A mum from the US has shared the terrifying moment she realised her daughter was choking – in a bid to remind other mums the importance of first-aid training.


Leah Porritt, fom Baltimore, had drained her 3-year-old daughter’s bath and asked her little girl to help clear away her bath toys, when she sensed something wasn’t right.

As she stepped out of the room for a brief moment to help her other child put his PJs on, Leah asked how her bath-bound tot was doing.

Her Chatty Cathy toddler didn’t respond with her typical ‘I OK Momma’ - which sent Leah into a tailspin.

"When she suddenly stopped singing and didn't respond to that question, my heart dropped a little,” she told Pospugar.

More like this

“The moments that followed seemed like they were in slow motion and lasted forever — although I'm sure it was only the matter of seconds. I know I got up quickly and peeked around the door into the bathroom.

“My daughter's back was to me and her arms were extended . . . the second I laid eyes on her I knew something was wrong.”

Her instincts were right, and it was a worst case scenario: Leah’s little one was choking on a small bath toy.

That was the moment she realised her first-aid skills were seriously rusty… having last taken a course 8 years ago, around the birth of her first child.

Panic-stricken, Leah rushed her tot over to her knowledgeable next door neighbour, who runs a children’s nursery, and Leah’s airway was cleared in the nick of time.

But – and it doesn’t bear thinking about – what if Leah’s superstar neighbour hadn’t been home?

She’s now fully brushed up on all the potentially life-saving techniques a parent should know – and is urging others to do the same:

"I think it's important that parents really become comfortable with CPR and choking relief techniques," said Leah.

"Don't just take a class and check it off your list. Review the techniques often, go online, and refresh your memory often. Copy your... pictures/instructions and keep them up on the refrigerator.

“There is something about seeing your child turn white and blue that has the great potential to mess with your reactions."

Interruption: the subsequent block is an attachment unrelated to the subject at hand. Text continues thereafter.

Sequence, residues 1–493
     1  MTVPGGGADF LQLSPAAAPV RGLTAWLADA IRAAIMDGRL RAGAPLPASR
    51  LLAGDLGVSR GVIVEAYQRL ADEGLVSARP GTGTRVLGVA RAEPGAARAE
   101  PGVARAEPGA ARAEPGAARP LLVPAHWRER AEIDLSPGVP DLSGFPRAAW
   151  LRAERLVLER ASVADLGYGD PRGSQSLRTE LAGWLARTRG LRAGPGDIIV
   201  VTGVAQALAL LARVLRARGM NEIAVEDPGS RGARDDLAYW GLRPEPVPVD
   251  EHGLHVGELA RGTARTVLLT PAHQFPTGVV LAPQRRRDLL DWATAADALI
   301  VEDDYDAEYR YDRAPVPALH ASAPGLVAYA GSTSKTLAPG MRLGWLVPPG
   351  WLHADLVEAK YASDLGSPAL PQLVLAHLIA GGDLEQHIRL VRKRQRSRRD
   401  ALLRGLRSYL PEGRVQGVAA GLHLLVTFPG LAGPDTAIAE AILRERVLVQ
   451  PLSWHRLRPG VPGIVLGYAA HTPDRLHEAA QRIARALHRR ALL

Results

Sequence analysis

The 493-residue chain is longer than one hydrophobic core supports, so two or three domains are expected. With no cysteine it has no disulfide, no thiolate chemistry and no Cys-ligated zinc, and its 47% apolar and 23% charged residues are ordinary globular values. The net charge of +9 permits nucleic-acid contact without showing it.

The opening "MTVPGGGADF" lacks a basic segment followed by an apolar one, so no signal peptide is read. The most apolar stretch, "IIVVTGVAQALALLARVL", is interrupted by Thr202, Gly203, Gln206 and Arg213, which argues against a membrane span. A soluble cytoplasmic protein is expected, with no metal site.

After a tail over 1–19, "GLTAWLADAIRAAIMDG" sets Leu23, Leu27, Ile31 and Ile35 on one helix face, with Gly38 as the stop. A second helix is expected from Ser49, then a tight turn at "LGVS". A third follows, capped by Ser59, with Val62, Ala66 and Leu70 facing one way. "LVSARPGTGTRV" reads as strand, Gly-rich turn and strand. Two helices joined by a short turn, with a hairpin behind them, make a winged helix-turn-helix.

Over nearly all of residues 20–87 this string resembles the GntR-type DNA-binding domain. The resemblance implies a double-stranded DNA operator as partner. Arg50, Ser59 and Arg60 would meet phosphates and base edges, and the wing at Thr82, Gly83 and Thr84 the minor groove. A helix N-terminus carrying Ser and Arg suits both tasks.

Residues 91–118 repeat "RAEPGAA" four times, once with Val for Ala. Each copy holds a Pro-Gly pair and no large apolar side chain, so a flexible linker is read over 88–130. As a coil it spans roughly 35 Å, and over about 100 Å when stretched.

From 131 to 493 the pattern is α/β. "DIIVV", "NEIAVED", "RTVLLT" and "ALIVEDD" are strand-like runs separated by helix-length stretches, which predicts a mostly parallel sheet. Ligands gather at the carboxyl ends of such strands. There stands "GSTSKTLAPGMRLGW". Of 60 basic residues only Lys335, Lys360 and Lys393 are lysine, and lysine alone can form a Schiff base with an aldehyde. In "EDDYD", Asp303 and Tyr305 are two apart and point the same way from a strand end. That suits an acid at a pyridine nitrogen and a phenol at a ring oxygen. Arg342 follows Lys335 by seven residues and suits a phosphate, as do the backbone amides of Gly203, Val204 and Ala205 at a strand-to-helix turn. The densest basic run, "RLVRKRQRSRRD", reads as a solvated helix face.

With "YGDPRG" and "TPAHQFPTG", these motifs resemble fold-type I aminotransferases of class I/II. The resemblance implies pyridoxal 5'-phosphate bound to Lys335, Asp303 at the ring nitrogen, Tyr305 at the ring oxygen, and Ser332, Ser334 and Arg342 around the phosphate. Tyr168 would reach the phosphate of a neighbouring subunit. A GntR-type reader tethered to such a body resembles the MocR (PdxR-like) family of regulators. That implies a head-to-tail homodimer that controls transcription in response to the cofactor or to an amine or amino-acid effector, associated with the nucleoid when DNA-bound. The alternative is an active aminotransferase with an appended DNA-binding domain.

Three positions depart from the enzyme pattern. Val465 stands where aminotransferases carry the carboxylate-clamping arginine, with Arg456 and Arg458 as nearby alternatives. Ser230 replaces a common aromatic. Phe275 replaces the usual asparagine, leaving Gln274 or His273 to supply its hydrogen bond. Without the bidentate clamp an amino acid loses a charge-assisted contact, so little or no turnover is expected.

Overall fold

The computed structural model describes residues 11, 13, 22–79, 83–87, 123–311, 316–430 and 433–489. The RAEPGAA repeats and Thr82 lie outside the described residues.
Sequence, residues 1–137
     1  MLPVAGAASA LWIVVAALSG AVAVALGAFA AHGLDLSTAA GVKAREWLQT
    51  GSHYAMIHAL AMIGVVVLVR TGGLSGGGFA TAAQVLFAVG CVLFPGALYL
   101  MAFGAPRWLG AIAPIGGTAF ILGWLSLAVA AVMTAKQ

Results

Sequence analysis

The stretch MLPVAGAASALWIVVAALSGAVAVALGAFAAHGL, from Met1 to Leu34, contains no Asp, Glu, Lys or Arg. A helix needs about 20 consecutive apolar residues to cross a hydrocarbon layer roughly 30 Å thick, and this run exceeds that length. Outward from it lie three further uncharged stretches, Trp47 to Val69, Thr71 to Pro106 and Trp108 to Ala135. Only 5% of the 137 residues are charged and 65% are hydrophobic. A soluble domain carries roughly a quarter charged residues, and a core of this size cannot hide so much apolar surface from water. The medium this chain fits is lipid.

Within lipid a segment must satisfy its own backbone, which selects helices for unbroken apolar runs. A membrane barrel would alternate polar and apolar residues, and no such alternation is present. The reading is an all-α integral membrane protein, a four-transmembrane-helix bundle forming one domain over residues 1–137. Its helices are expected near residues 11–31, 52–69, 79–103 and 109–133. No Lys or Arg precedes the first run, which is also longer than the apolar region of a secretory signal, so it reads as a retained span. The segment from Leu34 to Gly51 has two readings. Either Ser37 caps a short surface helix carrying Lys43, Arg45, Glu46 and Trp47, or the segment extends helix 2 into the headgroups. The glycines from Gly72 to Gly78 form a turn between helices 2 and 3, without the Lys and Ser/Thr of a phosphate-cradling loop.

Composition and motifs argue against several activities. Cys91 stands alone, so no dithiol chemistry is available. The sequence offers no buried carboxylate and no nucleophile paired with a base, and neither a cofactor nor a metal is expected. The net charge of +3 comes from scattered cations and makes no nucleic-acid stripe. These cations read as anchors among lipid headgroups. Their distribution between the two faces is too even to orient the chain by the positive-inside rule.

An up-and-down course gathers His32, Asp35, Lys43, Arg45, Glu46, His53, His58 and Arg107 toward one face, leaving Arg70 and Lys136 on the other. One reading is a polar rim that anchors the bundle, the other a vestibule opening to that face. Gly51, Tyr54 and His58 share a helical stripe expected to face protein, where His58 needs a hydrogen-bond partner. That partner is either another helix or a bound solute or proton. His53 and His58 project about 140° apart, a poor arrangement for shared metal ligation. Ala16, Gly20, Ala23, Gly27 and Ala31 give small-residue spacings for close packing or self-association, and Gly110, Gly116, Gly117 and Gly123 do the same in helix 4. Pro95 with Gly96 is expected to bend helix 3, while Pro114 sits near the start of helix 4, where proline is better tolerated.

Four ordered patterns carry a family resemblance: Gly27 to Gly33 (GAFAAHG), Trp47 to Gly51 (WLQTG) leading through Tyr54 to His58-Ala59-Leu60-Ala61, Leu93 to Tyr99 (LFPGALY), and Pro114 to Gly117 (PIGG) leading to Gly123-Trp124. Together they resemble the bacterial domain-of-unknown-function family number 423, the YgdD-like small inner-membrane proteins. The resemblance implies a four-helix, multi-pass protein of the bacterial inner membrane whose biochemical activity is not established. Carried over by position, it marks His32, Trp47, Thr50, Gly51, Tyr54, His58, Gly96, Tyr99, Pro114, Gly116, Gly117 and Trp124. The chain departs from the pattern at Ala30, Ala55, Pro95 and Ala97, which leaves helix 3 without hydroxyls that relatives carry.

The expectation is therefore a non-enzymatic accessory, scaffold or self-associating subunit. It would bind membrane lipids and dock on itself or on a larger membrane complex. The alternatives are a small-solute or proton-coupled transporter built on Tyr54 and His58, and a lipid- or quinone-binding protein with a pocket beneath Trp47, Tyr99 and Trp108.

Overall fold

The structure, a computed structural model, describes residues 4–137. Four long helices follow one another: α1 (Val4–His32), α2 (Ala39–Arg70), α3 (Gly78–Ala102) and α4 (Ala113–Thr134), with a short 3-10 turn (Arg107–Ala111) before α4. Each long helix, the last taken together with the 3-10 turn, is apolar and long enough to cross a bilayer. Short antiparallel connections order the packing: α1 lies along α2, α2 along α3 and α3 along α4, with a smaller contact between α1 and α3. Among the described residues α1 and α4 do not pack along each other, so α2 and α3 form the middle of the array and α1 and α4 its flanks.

Leah’s advice is SO on the money - even if you might think a choking scare will never happen to you. As Leah reminded Popsugar, she didn’t expect it’d happen to her little girl.

“I'm not even sure how [the toy] got lodged in her throat to begin with because it seemed too large to do so,” she added.

“She has never been one to put toys in her mouth and at 3-and-a-half she knows better now."

How to stop your child from choking

Knowing how to perform first aid is key – we’d definitely suggest taking a refresher first-aid course, just like Leah’s done ?

You can download free guides to study and keep in case of emergency are available from The Red Cross and St John’s Ambulance. We’d recommend getting them both, and giving ours a read, too ?

The Red Cross also shares these first aid guidelines for choking children over the age of 1:

  • A child who is choking may be clutching at their chest or neck and won’t be able to speak, breathe, or cough.
  • Firstly, give up to five back blows – you do this buy hitting them firmly on the back between the shoulder blades. If this doesn’t work, try the next step.
  • Try up to 5 abdominal thrusts, by holding your child around the waist, pulling inwards and upwards above their belly button.
  • Finally, call 999 if the object doesn’t dislodge.

You can watch The video of these moves put into practice can be seen, above.

Finally, if you have a baby under the age of 1, the advice from St John’s Ambulance on how to relieve choking is slightly different – read the guidelines and watch a demo video.

Images: Leah Porritt

Read more: